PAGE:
Monthly Archives: February 2015

Hungry? Why not try your hand at making some recipes from 1696. (Warning: not all recipes may be edible)!

The third blog from Shropshire’s Heritage Heroes is showcasing a fantastic little book from 1696. Ann Whittle’s Recipe book, as it is affectionately known, is a voyage account book, exercise book and remedy and recipe book. It is highly likely that there is more than one author in this little book, as the handwriting differs, but the only one to place their name in it was Ann Whittle, hence it is named after her.

All the Heritage Heroes team agreed that we had to get this book onto the website for our virtual volunteers to read and transcribe. It is finally ready and available to transcribe as a project on the website, but as with all the projects on and coming up onto the website, it was a long journey to get there. The Ann Whittle recipe book is a prime example of the lengths that the team go to, to get interesting and important projects ready for working on in the comfort of your own home. The book was only accessioned, so firstly it needed to be catalogued, it then had to be digitised from front cover to back cover, the images then needed to be catalogued. The images and the books records then needed to be imported to the website and from there the team has the task of creating a project for you, our virtual volunteers. Once the book has been transcribed and checked, it is then exported, formatted and then re-imported back into the database where it came from with the new edits you all have worked so hard on; making for one long but very worthwhile and important process. The team has affectionately named it the ‘Three Step Process’!

3SP DIAGRAM

Ann Whittle’s book was one of the first items that the Shropshire’s Heritage Heroes team was asked to put up onto the website for volunteers to transcribe from. As such it has a special place in the team’s hearts. I remember going to find it for the first time, I often think to myself that I feel a little bit like an archive equivalent to Indiana Jones, when I have to go searching for something down deep in the archive stores, minus the hat, whip and imminent danger of course! After finding where it had been neatly catalogued away I was confronted with a jewel of a book, small and perfectly formed, my heart and mind racing as to what I would find inside. Opening the book for the first time I was wowed by the beautiful calligraphy, the doodles and the fascinating recipes and remedies. One of my favourites that sticks in my mind has to be ‘The Golden Cordial’, which contains a rather large amount of French brandy, some sugar, cloves and saffron.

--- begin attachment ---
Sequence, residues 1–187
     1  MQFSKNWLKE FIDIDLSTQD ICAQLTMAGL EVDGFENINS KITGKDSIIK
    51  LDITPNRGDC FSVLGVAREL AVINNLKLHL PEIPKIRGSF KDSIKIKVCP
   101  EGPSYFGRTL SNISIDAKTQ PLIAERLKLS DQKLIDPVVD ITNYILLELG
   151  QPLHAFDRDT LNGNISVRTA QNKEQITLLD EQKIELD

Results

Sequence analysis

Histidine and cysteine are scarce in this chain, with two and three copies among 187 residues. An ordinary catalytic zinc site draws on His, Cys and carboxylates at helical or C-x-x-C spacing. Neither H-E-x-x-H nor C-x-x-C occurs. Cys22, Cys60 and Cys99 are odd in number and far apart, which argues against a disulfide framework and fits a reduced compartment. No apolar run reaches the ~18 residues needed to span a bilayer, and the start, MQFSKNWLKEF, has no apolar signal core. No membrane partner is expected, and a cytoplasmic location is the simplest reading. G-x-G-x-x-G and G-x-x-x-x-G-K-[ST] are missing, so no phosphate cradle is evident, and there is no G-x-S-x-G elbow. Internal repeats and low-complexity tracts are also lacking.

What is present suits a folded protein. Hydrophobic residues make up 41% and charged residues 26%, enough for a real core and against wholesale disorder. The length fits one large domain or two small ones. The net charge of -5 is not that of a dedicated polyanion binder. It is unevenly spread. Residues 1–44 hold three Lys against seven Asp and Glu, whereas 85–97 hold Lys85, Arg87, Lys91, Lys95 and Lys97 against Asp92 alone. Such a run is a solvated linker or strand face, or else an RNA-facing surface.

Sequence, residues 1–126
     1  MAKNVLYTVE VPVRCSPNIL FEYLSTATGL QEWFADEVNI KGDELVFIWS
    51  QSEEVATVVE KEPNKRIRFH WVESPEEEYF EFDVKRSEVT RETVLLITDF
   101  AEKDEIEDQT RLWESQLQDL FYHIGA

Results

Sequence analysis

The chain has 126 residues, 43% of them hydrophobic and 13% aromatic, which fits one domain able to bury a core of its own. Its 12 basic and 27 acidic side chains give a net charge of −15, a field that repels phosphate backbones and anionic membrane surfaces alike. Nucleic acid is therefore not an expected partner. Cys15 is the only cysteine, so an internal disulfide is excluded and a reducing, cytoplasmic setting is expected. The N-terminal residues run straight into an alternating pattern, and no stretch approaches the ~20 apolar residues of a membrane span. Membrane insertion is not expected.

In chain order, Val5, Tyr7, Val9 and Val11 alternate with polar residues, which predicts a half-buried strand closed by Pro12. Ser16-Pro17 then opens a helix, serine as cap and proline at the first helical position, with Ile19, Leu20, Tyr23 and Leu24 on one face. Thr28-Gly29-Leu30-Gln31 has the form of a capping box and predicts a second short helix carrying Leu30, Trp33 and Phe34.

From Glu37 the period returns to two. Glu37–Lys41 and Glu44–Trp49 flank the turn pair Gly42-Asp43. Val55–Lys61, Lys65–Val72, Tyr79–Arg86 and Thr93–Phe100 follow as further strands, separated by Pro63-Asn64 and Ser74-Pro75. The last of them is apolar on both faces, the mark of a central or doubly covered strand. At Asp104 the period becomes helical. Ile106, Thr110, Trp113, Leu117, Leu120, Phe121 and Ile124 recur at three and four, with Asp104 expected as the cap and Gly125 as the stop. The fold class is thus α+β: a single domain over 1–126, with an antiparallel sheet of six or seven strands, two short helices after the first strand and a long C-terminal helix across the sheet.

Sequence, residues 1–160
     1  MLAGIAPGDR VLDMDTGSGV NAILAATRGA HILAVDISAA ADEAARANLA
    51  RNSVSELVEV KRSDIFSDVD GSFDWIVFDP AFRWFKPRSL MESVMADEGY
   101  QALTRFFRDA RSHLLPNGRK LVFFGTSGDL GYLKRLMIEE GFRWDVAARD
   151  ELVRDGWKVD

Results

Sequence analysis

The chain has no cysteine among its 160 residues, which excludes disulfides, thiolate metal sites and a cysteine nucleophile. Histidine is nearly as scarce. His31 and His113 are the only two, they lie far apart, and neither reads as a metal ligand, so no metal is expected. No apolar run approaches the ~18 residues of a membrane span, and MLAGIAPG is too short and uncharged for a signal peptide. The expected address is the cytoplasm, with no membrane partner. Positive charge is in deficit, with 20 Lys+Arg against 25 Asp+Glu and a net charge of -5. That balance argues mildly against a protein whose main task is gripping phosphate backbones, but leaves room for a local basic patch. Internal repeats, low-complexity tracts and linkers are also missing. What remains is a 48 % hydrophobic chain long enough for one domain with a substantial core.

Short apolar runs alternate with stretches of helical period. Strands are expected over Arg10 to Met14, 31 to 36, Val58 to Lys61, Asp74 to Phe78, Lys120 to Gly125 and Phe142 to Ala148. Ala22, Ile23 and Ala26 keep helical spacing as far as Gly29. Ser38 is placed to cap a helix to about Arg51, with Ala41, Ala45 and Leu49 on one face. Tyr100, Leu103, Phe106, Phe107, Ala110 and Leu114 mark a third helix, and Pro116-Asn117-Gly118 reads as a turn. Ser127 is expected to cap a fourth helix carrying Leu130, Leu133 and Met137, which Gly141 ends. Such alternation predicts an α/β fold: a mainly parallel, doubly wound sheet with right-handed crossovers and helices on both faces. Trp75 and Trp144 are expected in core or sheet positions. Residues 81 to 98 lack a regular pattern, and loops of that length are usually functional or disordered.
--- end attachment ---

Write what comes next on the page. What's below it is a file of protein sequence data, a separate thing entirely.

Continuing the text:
After reading through the book, we each decided to try to make a recipe and show you all the outcome. As you can see some were more successful than others!

I could not even bring myself to put up the cake that I had made! Disaster was not even close. However Alison decided to make Portland Cake. Here is a picture of her with her finished product! It was very very delicious!

APC

If you, our virtual volunteers, would like to help transcribe the Ann Whittle Recipe and Remedy book then there are still a few pages left to do. Once they are gone they are gone. The project can be found at Ann Whittle Recipe and Remedy book. If you, our virtual volunteers, would like to have a go at making one of the recipes in the book too, it would be lovely for you to post a photograph of your finished product and a very brief story of how much fun it was or if you had some trouble on either our twitter wall for everyone to see, (https://twitter.com/VirtualVols) or adding your picture to Shropshire’s Heritage Heroes community page and share with all the other virtual volunteers!

Happy transcribing and baking!

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